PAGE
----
John the Baptist relates to us an account of seeing the Messiah to some of his disciples in the Gospel. He had baptized Jesus and he knew that Jesus was the Lamb of God. He knew Jesus was the One whom God had sent after him to be revealed to Israel. According to John, Jesus is the Messiah. He tells his disciples. Now his disciples are left with a decision. Do they trust John enough to believe what he says? For them it even becomes more interesting. The very next day John sees Jesus walk by and basically tells the disciples to follow him. He proclaims to them Jesus' identity as the Lamb of God. 

Now, the disciples are really left with a decision to make. They have to decide whether they trust John's opinion and go and talk to this unknown man. When they follow Jesus he turns to them and asks, "What are you looking for?" To be honest I'll bet they had no idea. All they knew were the words of John and his insistence that Jesus was the One to follow. So, they asked if they could stay with him. They were going to see and experience this man for themselves. 

When they were invited to stay they learned more than they ever thought possible. They learned Jesus was the Messiah. They did not know exactly what that meant, but they knew they had to follow. Furthermore, they went and told others. Andrew went to his brother Simon and told him who they had found. They knew his identity and they knew they had to bring others.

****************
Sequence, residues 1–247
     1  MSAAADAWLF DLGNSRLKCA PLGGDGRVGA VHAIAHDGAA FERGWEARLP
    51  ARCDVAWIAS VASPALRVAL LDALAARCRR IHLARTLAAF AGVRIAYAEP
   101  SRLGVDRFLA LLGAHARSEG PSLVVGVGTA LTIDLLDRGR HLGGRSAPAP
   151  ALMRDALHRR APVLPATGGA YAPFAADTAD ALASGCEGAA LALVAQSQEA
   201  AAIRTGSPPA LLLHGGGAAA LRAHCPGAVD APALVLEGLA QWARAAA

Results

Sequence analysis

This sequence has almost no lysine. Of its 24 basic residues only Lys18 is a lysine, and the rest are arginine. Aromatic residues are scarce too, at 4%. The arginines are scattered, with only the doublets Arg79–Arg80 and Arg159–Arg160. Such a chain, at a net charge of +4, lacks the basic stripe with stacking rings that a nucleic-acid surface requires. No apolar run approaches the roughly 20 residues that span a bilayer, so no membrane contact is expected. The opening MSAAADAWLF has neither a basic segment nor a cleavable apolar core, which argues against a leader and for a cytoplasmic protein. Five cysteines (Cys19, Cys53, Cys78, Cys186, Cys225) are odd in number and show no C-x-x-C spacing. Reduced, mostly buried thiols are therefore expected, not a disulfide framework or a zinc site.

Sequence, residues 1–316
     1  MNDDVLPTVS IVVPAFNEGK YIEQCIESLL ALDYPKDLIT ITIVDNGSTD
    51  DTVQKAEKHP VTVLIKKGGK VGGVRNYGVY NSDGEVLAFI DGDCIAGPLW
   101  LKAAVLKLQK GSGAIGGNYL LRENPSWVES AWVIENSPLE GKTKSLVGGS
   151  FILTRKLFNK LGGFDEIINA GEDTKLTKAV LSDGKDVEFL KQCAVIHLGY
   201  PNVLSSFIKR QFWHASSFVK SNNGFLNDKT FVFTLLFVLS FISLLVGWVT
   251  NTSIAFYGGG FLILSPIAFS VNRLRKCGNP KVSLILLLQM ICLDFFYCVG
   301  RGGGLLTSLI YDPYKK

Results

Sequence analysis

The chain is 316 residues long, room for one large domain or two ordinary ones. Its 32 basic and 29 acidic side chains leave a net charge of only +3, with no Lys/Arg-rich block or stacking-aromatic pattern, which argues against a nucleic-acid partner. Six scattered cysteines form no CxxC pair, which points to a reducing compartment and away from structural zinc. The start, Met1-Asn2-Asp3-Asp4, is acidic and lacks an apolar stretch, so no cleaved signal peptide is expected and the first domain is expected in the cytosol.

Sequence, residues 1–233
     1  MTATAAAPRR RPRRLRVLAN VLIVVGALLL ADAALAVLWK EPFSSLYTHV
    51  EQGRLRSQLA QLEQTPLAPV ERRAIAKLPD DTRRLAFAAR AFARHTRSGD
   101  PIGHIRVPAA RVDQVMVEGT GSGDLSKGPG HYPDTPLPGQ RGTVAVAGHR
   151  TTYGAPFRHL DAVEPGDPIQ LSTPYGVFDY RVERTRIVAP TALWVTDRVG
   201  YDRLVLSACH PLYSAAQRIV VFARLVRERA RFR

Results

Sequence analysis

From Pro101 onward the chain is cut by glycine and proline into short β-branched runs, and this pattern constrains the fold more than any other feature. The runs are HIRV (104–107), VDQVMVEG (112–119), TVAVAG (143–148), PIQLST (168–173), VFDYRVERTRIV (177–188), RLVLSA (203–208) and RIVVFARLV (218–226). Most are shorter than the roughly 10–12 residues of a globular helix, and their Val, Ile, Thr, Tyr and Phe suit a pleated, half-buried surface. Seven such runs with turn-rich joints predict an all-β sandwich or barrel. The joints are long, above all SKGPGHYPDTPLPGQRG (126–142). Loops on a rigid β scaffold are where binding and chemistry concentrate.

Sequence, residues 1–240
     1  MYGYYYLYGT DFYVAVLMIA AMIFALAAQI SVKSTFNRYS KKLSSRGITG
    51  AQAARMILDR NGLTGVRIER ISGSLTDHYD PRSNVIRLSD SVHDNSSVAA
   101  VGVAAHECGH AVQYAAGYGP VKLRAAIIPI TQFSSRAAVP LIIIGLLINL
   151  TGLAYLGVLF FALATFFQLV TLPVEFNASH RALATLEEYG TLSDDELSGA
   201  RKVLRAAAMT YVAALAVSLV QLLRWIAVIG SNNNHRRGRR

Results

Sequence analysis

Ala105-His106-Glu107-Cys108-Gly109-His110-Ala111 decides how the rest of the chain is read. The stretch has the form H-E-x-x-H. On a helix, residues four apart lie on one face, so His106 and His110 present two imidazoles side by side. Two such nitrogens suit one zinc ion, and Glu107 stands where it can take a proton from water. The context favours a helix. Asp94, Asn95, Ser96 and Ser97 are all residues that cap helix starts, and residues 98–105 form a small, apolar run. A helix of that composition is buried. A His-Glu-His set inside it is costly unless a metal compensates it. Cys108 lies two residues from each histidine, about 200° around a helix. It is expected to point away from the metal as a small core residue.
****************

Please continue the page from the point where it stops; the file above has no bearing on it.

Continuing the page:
We are in their shoes today. Of course, we are a long time removed from Jesus' day with these disciples. We have their accounts of Jesus' life. We have some idea of Jesus' identity. We are left with the question do we believe? Are we willing to do what the early disciples had the courage to do? Will we follow Jesus? If we believe will we share what we have learned? 

These are the questions we have to wrestle with today. They are good questions for us. They are good questions because they call us to explore the depths of our faith. They ask us to examine who we believe Jesus is. They ask us to decide if we trust in Jesus as the Messiah and if we are willing to follow. If we are willing to follow they also cause us to be willing to expand our vision of God. For if we are willing to follow God then we also have to be willing to change our own lives in order to follow God's will. For one of the aspects of being a disciple is sharing what we learn. We can not be an island to ourselves. The question for us today is the same as the question Jesus asked the disciples so long ago, "What are you looking for?" What is fascinating is the possibility of saying yes when Jesus invites us to "Come and See".